My blogging buddy The Rat "tagged" me to do an entry about "Why I Blog" over a week ago, and I'm just now getting around to it because, you know, I've got this Master's in Procrastination that has to be used sometime.
Part of the delay can be credited to my of initial belief that this would be a quick and easy post to write, but once I began thinking about it, I realized that I blog for lots of reasons…most of which have nothing to do with why I started blogging in the first place.
So, a little history. I created my first online journal back in the spring of 2002 when I was preparing to move to Sweden. I'd never been much of a diarist, but I was an even worse correspondent, so it was important for me to find an efficient way of staying connected to family and friends in the US.
A weblog seemed like the ideal answer if for no other reason than to avoid the hassle of maintaining an up-to-date mailing list. (Did I mention that I minored in Technical Task Avoidance?) An added bonus was that I would never need to worry about cluttering up someone's inbox with what were likely to be fairly mundane reports on my daily activities.
Like a lot of bloggers, I started with a free hosting service that provided few design options and very limited functionality. (Quite frankly, there weren't that many services to choose from back then.) But I was off and running, and it seemed as though that first blog was going to work out exactly as I intended. But a couple of problems became apparent very quickly.
First I discovered that my freakishly private Swede did not really warm to the idea of having our lives splashed across the web for all the world to see. So I added some security that kept the content from being crawled by search engines and made sure the URL was obscure enough that folks were unlikely to find it by accident.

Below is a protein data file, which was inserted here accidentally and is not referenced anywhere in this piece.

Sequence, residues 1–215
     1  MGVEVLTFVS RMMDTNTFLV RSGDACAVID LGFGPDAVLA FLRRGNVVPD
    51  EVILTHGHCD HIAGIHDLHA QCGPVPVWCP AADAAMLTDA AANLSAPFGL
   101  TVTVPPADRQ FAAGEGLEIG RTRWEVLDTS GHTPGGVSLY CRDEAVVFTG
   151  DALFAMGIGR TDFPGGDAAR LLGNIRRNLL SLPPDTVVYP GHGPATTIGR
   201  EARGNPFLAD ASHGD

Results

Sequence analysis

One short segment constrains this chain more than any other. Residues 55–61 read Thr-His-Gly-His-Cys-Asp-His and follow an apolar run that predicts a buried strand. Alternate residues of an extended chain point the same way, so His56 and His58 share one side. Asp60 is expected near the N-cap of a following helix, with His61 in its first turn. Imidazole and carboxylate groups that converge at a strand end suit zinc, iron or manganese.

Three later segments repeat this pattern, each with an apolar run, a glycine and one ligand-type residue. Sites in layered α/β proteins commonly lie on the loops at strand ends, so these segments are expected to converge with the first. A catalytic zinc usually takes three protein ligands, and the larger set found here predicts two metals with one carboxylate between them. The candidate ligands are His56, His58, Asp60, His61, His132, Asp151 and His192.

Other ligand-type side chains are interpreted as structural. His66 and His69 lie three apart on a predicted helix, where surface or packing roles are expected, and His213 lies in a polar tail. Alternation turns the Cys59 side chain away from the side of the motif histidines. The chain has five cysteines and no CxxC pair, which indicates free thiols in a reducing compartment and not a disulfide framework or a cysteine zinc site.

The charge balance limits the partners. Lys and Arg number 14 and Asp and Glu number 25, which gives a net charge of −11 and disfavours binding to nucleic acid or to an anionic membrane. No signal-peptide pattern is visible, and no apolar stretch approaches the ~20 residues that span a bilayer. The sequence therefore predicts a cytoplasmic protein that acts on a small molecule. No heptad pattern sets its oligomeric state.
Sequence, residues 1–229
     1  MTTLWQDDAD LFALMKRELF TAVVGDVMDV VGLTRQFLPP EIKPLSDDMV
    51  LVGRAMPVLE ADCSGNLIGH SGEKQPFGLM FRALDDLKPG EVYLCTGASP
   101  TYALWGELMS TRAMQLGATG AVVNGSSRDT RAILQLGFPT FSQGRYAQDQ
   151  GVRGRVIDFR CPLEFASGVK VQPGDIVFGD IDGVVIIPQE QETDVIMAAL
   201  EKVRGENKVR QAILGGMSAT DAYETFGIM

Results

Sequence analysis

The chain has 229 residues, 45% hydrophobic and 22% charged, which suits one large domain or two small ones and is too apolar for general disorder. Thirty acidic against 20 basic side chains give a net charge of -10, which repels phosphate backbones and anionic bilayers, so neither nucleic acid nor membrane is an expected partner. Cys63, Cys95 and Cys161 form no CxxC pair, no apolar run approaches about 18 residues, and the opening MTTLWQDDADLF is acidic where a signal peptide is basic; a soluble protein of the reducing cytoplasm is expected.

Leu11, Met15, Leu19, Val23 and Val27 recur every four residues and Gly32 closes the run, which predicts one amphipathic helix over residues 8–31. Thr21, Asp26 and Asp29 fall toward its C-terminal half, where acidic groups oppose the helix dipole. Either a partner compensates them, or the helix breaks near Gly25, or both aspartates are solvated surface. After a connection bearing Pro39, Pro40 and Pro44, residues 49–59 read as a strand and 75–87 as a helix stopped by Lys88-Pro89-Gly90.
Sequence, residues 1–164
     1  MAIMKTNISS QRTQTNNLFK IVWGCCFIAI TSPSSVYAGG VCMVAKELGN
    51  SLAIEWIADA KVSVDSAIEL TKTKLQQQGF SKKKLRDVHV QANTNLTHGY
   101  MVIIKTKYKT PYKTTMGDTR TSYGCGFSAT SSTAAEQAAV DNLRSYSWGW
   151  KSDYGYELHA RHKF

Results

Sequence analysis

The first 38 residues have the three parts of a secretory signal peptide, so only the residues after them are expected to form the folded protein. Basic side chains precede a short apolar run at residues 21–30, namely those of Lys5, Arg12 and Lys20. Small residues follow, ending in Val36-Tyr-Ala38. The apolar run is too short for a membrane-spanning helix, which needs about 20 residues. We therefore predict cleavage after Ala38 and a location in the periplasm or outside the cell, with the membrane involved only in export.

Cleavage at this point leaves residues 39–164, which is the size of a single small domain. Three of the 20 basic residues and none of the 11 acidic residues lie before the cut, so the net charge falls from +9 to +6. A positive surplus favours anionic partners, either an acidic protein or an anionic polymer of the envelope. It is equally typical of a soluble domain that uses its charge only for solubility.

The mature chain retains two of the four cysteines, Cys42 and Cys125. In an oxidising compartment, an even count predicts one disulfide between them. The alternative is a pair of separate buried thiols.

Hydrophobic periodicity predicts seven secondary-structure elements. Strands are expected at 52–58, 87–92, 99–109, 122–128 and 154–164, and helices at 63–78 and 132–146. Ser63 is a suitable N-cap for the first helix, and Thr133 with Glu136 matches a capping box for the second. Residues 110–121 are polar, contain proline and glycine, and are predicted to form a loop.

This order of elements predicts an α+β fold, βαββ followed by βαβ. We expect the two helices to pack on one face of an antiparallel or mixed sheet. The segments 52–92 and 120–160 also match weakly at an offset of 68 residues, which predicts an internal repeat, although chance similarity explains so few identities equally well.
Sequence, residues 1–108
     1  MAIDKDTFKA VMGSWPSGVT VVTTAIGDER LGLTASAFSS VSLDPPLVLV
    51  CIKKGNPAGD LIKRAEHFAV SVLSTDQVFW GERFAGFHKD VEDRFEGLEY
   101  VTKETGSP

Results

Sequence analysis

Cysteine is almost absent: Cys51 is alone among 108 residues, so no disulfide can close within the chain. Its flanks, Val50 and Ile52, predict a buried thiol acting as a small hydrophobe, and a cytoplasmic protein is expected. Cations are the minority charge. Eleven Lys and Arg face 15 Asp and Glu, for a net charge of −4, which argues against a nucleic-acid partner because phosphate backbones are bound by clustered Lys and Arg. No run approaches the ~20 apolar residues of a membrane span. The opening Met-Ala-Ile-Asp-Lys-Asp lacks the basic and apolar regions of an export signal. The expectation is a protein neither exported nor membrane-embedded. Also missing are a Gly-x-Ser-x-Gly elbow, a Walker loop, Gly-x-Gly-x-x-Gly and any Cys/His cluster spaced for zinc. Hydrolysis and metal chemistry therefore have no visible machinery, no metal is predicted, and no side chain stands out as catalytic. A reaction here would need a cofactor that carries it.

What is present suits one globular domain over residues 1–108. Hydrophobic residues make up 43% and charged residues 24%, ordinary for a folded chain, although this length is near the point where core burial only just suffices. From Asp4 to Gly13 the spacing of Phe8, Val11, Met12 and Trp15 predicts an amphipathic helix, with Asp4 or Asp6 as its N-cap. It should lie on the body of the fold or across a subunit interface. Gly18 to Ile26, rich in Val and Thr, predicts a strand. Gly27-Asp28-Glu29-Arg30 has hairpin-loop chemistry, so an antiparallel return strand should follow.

Then it turned out that many of the people I was keeping the journal for could not be bothered to visit the site on a regular basis, let alone remember the simple (and static) password needed to access the entries and photos. So I moved it to a paid provider with a very robust e-mail notification system that included the option of having the entire entry appear in the message (which means I ended up managing a mailing list of sorts anyway…aarrrgh!!!).
But the biggest issue by far was that I often found myself wanting to write about topics that had the potential to make certain members of my family uncomfortable. Most aspects of my relationship with Dr. Darling, for example, were off limits, as was anything to do with politics.
I solved this problem by starting a second "anonymous" blog in which the names were always changed to protect the guilty (and appease the aforementioned Swede), and where I could wax poetic about my gorgeous girlfriend or rail on the Bush Administration's corrupt inadequacies at will. Thus ShazzerSpeak was born, though it took two more years before I found a permanent hosting service for it. (Thank you Blog-City!)
I continue to journal the tame topics for my family (and they continue to read the entries by e-mail), but blogging via ShazzerSpeak has become a passionate hobby with multiple pay-offs. One of these has to do with community. Not only has blogging allowed me to connect with people all over the world who share my values, it's also put me in touch with folks who share my particular circumstances (ex-pat, ex-straight, etc.).
Blogging also helps keep my English vocabulary skills sharp. Granted, I do write exclusively in English for my job, but it's not the most creative kind of work and I am limited to producing relatively simple and straight-forward text since most of the target audience speaks/reads English as a second language.
Then of course there's the whole ego thing. I've always gotten a kick out of seeing my words on the web, but that's nothing compared to having someone else find them, and then be moved enough to leave a comment or send an e-mail. It's the best kind of buzz…completely free with no restrictions on operating heavy machinery afterward!
So that's why I blog….for the communication, the community, the creative outlet, and the ego boost.
And I tag: Queer Eye on Korea, Eastwood Zhao, Ham & Cheese on Wry and Misfit Duck. I predict they are all up to the challenge…or at least up to sending me hate mail for passing on the blogging equivalent of a chain letter.